Spade & Archer

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Click for availability and more information Spade & Archer , by Joe Gores

Set up as a prequel to Dashiell Hammett's classic detective novel, The Maltese Falcon, Spade & Archer is an affectionate pastiche of Hammett's literary work. Author Joe Gores, focusing on a time frame spanning the years 1921, 1925 and 1928, outlines the various events and cases that private eye Sam Spade takes part in, establishing himself as a top-notch private detective in the process. We find out about Spade's WWI record, the background behind his relationship with future partner Miles Archer (who, despite his inclusion in the book's title, has only a cusory presence in the scheme of things), his affair with Miles' wife, and his near decade long battle of wits with a mysterious criminal mastermind who always seems one step ahead (and who's frankly no Casper Gutman, if you know what I mean). Sam also winds up in a Maltese Falcon-like search for missing money near the end of the book. Gores pretty much captures Hammett's punchy style, although he occasionally falls into the trap of having characters tell the reader what's going on rather than showing them. (Why does one character, early in the book, describe Spade's entire war experience to Spade?!? That's a very awkward moment of exposition for the reader.) There are loads of in-joke references (fans of Hammett's The Thin Man will appreciate the name Spade uses as an alias in one scene) as well as forshadowing of events that occur in the subsequent Falcon, including a great closing scene that... Nope, I won't spoil it. In a nutshell, Spade & Archer is a Hammett (and mystery) fan's delight.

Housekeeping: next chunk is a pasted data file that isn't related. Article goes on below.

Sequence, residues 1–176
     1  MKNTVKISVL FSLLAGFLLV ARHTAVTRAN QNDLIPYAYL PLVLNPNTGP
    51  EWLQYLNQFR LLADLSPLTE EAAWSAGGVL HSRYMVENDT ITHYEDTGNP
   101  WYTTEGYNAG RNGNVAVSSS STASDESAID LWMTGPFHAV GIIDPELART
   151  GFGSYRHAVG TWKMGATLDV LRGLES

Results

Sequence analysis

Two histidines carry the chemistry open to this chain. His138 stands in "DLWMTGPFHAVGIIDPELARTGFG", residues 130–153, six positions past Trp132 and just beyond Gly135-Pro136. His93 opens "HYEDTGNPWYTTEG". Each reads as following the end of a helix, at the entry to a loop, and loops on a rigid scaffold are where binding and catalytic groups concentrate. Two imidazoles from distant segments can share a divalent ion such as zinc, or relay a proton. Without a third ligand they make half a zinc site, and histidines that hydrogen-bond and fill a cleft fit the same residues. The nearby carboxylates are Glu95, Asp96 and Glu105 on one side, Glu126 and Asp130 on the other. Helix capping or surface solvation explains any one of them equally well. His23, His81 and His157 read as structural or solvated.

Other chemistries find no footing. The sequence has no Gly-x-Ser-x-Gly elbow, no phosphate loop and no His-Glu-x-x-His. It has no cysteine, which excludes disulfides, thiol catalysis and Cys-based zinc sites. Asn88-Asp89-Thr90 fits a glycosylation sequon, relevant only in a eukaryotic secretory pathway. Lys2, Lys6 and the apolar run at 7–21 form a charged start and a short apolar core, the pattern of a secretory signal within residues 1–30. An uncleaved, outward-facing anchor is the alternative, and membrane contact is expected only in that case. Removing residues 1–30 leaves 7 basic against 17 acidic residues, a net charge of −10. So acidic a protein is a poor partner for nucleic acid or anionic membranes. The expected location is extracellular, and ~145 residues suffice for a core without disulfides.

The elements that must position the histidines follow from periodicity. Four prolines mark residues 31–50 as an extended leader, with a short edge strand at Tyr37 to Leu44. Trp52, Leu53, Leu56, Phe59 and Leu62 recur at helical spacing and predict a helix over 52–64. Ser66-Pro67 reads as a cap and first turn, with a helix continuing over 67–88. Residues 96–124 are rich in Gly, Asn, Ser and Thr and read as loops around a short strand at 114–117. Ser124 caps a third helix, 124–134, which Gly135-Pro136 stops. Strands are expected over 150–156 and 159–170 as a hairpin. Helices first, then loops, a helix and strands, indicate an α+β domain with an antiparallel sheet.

-Ed

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About this Entry

This page contains a single entry published on July 9, 2009 5:05 PM.

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